Druyan served as program director of the first solar sail deep space mission, Cosmos 1, launched on a Russian ICBM in 2005.[20]

Druyan is involved in multiple Breakthrough Initiatives. With Frank Drake, Druyan is the co-chair of Breakthrough Message,[21] and she is also a member of Breakthrough Starshot.[22]

She is a member of the advisory board of The Carl Sagan Institute.[23]

Work in film and television

Neil deGrasse Tyson and Ann Druyan in Sydney

Druyan wrote and produced the 1987 PBS NOVA episode "Confessions of a Weaponeer" on the life of President Eisenhower's Science Advisor, George Kistiakowsky.[24]

In 2000, Druyan, together with Steve Soter, co-wrote Passport to the Universe, the inaugural planetarium show for the Rose Center for Earth and Space at the American Natural History Museum's Hayden Planetarium. The attraction is narrated by Tom Hanks.[25] Druyan and Soter also co-wrote The Search for Life: Are We Alone, narrated by Harrison Ford, which also debuted at the Hayden's Rose Center.[26]

In 2000, Druyan co-founded Cosmos Studios, Inc, with Joseph Firmage.[27] As CEO of Cosmos Studios, Druyan produces science-based entertainment for all media. In addition to Cosmos: A SpaceTime Odyssey, Cosmos Studios has produced Cosmic Africa,[28]Lost Dinosaurs of Egypt,[29] and the Emmy-nominated[30] documentary Cosmic Journey: The Voyager Interstellar Mission and Message.[31] In 2009, she distributed a series of podcasts called At Home in the Cosmos with Annie Druyan in which she described her works, the life of her husband, Carl Sagan, and their marriage.

Druyan was one of the three writers of the TV series Cosmos: A Personal Voyage, along with Carl Sagan and Steven Soter. Druyan is credited, with Carl Sagan, as the co-creator and co-producer of the 1997 feature film Contact.[32]

In 2011, it was announced that Druyan would executive produce, co-write, and be one of the episodic directors for a sequel to Cosmos: A Personal Voyage, to be called Cosmos: A Spacetime Odyssey, which began airing in March 2014.[33][34] Episodes premiered on Fox and also aired on National Geographic Channel on the following night.[35] At the time of its release, Fox gave the series the largest global rollout of a television series ever, debuting it in 180 countries. The premiere episode was shown across nine of Fox's cable properties in addition to the broadcast network in a "roadblock" style premiere. The series went on to become the most-watched series ever for National Geographic Channel International, with at least some part of the 13-episode series watched by 135 million people, including 45 million in the U.S.[36]


Druyan has for many years been a vocal advocate for nuclear disarmament. She was arrested three times at the Mercury, Nevada nuclear test site during Mikhail Gorbachev's unilateral moratorium on underground nuclear testing, with which President Ronald Reagan refused to cooperate. This included an arrest in June 1986, when Druyan crossed a white painted line indicating the test site's boundary; Sagan, who attended the same protest with Druyan, was not arrested.[37]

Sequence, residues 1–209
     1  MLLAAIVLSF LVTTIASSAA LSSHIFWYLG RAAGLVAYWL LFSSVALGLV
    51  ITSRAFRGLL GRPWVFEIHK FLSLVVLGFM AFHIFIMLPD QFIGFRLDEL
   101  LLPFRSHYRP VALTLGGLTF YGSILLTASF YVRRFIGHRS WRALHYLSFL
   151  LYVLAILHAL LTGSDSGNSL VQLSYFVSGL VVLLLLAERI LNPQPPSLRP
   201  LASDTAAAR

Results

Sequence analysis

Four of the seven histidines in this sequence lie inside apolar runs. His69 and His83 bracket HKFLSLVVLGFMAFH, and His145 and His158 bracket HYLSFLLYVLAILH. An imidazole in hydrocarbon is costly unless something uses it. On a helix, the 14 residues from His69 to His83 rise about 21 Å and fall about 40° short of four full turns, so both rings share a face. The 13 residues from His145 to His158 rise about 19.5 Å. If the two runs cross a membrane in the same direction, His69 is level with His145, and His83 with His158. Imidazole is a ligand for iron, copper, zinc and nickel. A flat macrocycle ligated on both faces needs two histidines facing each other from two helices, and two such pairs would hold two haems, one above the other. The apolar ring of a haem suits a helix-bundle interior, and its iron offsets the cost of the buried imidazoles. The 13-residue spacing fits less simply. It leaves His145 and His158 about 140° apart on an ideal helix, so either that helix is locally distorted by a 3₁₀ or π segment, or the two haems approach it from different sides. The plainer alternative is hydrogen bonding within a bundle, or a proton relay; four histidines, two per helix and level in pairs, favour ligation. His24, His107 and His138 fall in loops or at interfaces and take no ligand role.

In the early 1990s, Druyan worked with Sagan and then-Senator Al Gore, Jr. and a host of religious and scientific leaders to bring the scientific and religious worlds together in a unified effort to preserve the environment, resulting in the Declaration of the 'Mission to Washington.'[38]

Druyan served as a founding director of the Children's Health Fund until the spring of 2004, a project that provides mobile pediatric care to homeless and disadvantaged children in more than half a dozen cities. She currently serves a member of their Advisory Board.[39]

Druyan has served on the Board of Directors of the National Organization for the Reform of Marijuana Laws (NORML) for over 10 years and was president from 2006 to 2010.[40][41]


In November 2006, Druyan was a speaker at "Beyond Belief: Science, Religion, Reason and Survival".

In January 2007, she was a juror at the 2007 Sundance Film Festival, responsible for selecting the winner of the Alfred P. Sloan Prize for films about science and technology.[42]

In November 2007, Druyan was awarded the title of "Humanist Laureate" by the International Academy of Humanism.[43]

Religious and philosophical views

In an interview with Joel Achenbach of The Washington Post, Druyan stated that her early interest in science stemmed from a fascination with Karl Marx. Achenbach commented that "She had, at the time, rather vaporous standards of evidence," a reference to her belief in the ancient astronauts of Erich von Däniken and the theories of Immanuel Velikovsky pertaining to the Solar System.[44] Druyan freely acknowledged her past views and also said that they changed dramatically[clarification needed] after marrying Carl Sagan.[]


  • 2004 Richard Dawkins Award